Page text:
Cities and Regions

Damascus is the capital of Syria and its most populous city with 2 million inhabitants. It is the seat of government of Damascus province which includes the districts of Dumar, Zabadani, Qatifa and Nabak. It is the commercial, industrial, cultural, agricultural center of the governorate.

Damascus lies in southwestern Syria northeast of Jebal al Sheikh on a large plateau about 80km inland. Surrounding the city is the Ghouta, a green oasis watered by the Barada River. The Ghouta is diminishing as housing and industry in the city expand. Overlooking Damascus on the north is Jebal Qasioun.

Damascus is considered one of the oldest continuously inhabited cities. Some claim the name means “quick” (damshaq), because it was built quickly. Others claim it is named after Damashq bin Qani bin Malik bin Arfashakhd bin Sam bin Nouh, a descendant of Noah, or that it was named after one of its founders whose name was Dimashq. Some say that the fist wall built after the Flood is the wall of Damascus and Harran.

The Arameans in 940BC established the first canal irrigation system which is still the basis of the water system in the old city. Damaascus fell to the generals of Alexander the Great in 323BC; in 64BC it was occupied by the Romans. The eastern gate of the old city remains from Roman times.

The Apostle Paul received his vision on the road to Damascus according to the New Testament. In 636AD the city was captured by the Arabs who made it the capital of the Umayyad dynasty. In the Abbasid period beginning in 750AD Damascus was ruled from Baghdad and it was a destination for poets who were compensated for poems in praise of the caliphs. It fell to a succession of Muslim dynasties: the Tulunids (under the rule of Ahmad bin Tulun of Egypt), the Akhshids, the Fatimids, Ayyubids and Mamluks. In 1499 AD Tamerlane invaded and burned down the city. In 1516 it was occupied by the Ottomans then liberated by the Egyptians in 1832 under the leadership of Ibrahim bin Mohamed Ali Pasha.

Damascus has two airports: the old airport in Mezze west of the city; the new airport about 30km southeast of the city. On the road to the airport is a conference center, a women’s military academy, a cinema city and an opera house. Other large facilities are the presidential palace, and the Assad Library. The city has several large hotels. Damascus hosts an annual regionally important trade fair, and an annual International Flower Fair.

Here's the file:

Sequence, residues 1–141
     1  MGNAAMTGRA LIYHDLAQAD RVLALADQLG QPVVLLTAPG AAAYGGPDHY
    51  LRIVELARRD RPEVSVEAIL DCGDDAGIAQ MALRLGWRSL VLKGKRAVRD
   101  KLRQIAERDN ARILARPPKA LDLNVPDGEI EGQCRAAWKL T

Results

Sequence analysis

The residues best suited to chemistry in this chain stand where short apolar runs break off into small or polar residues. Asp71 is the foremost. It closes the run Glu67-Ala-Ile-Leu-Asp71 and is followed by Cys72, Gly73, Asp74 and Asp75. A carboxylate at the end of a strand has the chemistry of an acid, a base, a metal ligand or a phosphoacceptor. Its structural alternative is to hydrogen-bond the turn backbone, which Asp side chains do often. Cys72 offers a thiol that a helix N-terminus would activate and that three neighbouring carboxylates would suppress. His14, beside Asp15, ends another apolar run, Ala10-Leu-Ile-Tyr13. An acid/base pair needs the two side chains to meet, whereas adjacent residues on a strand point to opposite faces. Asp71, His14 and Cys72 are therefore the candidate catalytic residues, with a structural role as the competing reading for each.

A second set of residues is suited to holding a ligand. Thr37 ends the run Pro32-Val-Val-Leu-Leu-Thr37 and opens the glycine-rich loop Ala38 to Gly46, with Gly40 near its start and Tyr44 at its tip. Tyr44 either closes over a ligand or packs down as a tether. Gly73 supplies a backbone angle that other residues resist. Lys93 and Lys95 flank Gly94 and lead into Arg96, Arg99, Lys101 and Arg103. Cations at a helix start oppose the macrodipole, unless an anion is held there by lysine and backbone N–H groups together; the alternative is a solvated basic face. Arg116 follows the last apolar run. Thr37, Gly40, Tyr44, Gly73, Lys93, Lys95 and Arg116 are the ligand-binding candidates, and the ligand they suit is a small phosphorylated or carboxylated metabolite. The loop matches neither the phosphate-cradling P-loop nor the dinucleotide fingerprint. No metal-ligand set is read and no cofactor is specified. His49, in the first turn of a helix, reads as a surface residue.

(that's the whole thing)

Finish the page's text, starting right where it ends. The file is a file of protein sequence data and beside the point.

Damascus has a thriving industrial sector where chemicals, plastics, metals are produced. There is leather and shoe manufacturing, sweets and canned goods factories. Textiles are manufactured from local cotton.

Souk al- Hamidieh, souk Midhat Pasha and souk al-Buzurieh are some of the covered souks in the city. Each souk specialized in a type of merchandise: brocade, handicrafts, mosaics, damascene wood furniture with mother of pearl inlay, copper and brass, silver, gold, and spices. Immediately adjacent to Souk al Hamidieh is the Umayyad mosque. The souk is named after the Sultan Adbel Hamid who built it over a hundred years go.

The Umayyad Mosque, also called the Great Mosque, is one of the largest mosques in the world. Built on the site of an Assyrian sanctuary and a series of other religious buildings, it was begun by al Walid bin abd el Malik in 709 AD and took nine years to complete.

The ruins of Hanania Church are in the city in a stone cavern. Hanania is said to have converted the Apostle Paul to Christianity.

Damascus National Museum on Shoukry al-Quwatly Street is the region’s richest in antiquities. The treasures include clay tablets from Ras Shamra/Ugarit (1400BC), from the Bronze age, Greek pottery and Roman artifacts, Byzantine mosaics and Islamic objects (14th century medical works manuscript).

Azem Palace was built in the mid 18th century as a residence for Asaad Pasha Azem, the Ottoman governor. Water from the Barada was diverted for the palace’s gardens. Today it is a cultural history museum with each room depicting a typical damascene tradition.

The old city of Damascus on the south bank of the Barada, which is enclosed by walls, was inscribed as a UNESCO World Heritage Site in 1979 based on the following criteria:

1) it represents a masterpiece of human creative genius;

2) it exhibits an important interchange of human values, over a span of time or within a cultural area of the world, on developments in architecture or technology, monumental arts, town-planning or landscape design;
3) it bears a unique or at least exceptional testimony to a cultural tradition or to a civilization which is living or which has disappeared;

4) it is an outstanding example of a type of building, architectural or technological ensemble or landscape which illustrates (a) significant stage(s) in human history;

5) it is directly or tangibly associated with events or living traditions, with ideas, or with beliefs, with artistic and literary works of outstanding universal significance.

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